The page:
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Google Maps location for Annandale Animal Hospital

Annandale Animal Hospital
62 Moore Street
NSW 2040

02 9550 9600
02 9560 8503

Pre-Operation Information

No one likes the thought of their pet undergoing surgery but there are certain problems and routine procedures which require surgical intervention. Do not be overly concerned. There have been many recent advances in veterinary medicine and surgery. Diagnostics, anaesthesia, monitoring and surgical techniques have been developed to help ensure your pet's safe recovery:


Pre-Anaesthetic testing

Pre-operative testing is often recommended to help us uncover any problems not readily apparent. These tests may include blood tests (blood cell counts and blood chemistry), and urinalysis. Any abnormalities detected may need to be corrected prior to surgery or may merely indicate a change in the choice of anaesthetic or pre-surgical treatment. In this way we can minimise surgical and anaesthetic risk. We offer Pre anaesthetic blood testing for all patients. 


Standards of quality

We use many of the same anaesthetic agents that are used in human surgery. Surgery is performed with the highest standards of sterility and your pet's heart, lungs and other vital functions are closely monitored by advanced machinery as well as qualified nurses. We offer all patients the option of inter-operative fluid therapy. This aids in blood pressure maintenance, kidney maintenance as well as a speedy recovery. In some cases, the Veterinarian will insist on intravenous fluid therapy.

These represent our normal protocols; we seek to provide high standards of quality veterinary care and will not lower them for any reason.


Pre-Anaesthetic instructions


  • Please give no food after 8pm the evening before surgery and take water away one-hour before admission. No treats and no cheating! An empty stomach is critical for safe anaesthesia. DO NOT however restrict food or fluids from rabbits, ferrets, rodents, or birds.
  • If your pet is taking medication that does not require food, give the normal dosage at the usual time unless otherwise directed. If your pet is diabetic, please ask the veterinary surgeon for special instructions. If your pet requires dosage throughout the day, please bring the medication with you.
  • Surgical patients are admitted to the hospital between 8.00 am and 9.00 am on the day of surgery.
  • Allow your pet exercise and time to empty bowel and bladder before being admitted unless otherwise instructed.
  • If you have any questions and/or concerns regarding the procedure please do not hesitate to call and ask any of our friendly staff.


Types of anaesthetics used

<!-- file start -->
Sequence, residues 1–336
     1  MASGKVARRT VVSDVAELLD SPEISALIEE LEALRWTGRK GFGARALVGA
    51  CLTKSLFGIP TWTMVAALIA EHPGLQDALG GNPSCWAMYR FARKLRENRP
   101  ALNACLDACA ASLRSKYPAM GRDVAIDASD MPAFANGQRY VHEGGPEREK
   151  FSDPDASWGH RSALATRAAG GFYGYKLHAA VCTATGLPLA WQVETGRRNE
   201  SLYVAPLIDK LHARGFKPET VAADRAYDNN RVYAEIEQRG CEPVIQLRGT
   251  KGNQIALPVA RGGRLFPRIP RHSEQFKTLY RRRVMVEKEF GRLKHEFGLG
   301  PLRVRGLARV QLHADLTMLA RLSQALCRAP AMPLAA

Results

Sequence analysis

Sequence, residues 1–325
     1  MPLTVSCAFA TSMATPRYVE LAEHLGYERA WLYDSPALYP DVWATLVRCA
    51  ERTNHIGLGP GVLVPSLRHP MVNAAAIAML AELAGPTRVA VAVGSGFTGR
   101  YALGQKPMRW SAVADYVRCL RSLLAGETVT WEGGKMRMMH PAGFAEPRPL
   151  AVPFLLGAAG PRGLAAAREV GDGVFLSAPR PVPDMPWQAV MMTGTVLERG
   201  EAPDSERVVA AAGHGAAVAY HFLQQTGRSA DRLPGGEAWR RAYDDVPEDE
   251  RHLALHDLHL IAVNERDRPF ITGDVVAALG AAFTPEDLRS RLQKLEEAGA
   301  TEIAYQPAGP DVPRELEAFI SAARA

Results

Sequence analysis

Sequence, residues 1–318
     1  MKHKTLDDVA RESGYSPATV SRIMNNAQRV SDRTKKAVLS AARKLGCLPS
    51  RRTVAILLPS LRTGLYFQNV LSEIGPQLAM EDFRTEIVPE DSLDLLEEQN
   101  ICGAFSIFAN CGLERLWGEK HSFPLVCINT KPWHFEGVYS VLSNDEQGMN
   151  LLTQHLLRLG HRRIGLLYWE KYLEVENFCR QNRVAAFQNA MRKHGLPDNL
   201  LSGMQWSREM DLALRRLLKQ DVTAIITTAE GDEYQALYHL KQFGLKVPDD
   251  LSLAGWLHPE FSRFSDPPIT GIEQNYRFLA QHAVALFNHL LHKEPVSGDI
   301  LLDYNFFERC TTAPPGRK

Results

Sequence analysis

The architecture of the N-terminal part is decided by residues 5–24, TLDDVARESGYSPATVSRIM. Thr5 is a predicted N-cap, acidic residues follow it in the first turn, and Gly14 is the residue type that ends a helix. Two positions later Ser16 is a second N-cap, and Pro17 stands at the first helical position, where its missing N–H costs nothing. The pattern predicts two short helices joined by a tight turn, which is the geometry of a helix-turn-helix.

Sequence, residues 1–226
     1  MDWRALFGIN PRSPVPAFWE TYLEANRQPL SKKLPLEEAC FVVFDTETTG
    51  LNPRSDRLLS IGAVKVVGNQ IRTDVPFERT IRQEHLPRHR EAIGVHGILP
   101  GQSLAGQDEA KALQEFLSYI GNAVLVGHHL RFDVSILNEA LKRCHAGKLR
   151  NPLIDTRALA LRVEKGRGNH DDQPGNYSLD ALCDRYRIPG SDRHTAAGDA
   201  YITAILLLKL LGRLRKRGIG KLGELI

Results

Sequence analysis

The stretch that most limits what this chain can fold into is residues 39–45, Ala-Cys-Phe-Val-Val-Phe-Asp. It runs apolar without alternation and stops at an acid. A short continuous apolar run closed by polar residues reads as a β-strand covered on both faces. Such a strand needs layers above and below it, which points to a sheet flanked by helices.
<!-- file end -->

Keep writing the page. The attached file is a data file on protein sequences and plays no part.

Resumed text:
Your Veterinary surgeon will determine which anaesthetic is best for your pet and for the procedure being performed. Some short procedures are conducted under short acting anaesthetics injected into the muscle or vein. Most procedures however, are carried out under general anaesthesia. This involves an initial calmative and pain relief injection followed by intravenous Alfaxan and gaseous Isoflurane. These are currently the safest anaesthetic agents available for animals. This special combination of drugs results in minimal stress on your pet's heart, kidneys and liver while maintaining ideal anaesthetic levels. Consequently your pet will wake up more quickly and smoothly after his/her anaesthetic.


Other considerations

When your pet is undergoing anaesthesia for one procedure it is worth considering whether the opportunity should be taken to carry out any other procedure. If there is any degree of dental disease and if circumstances permit, the veterinary surgeon might advise that the appropriate dental treatment should be attended to at the same time. If you pet has an umbilical hernia or loose dew claws and is being neutered, it may be recommended that these be surgically repaired at this time.

You should be provided with a written estimate of the expected fees and other charges that will be incurred. You may request your bill-to-date at any point during your pet's stay.



Be prepared to spend a few minutes with the Veterinary Nurse on duty the morning of admission. A Surgery Consent Form will need to be completed and pre-anaesthetic laboratory work will be discussed. This will also be an opportunity for any last minute instructions to be communicated.

If you would like to speed up the admission process, please feel free to download the Surgical Consent Form, read and answer the questions, and bring the forms with you.

We really do want you to understand what we are doing and why. If you have any questions about our procedures or your pet's condition, please don't hesitate to ask.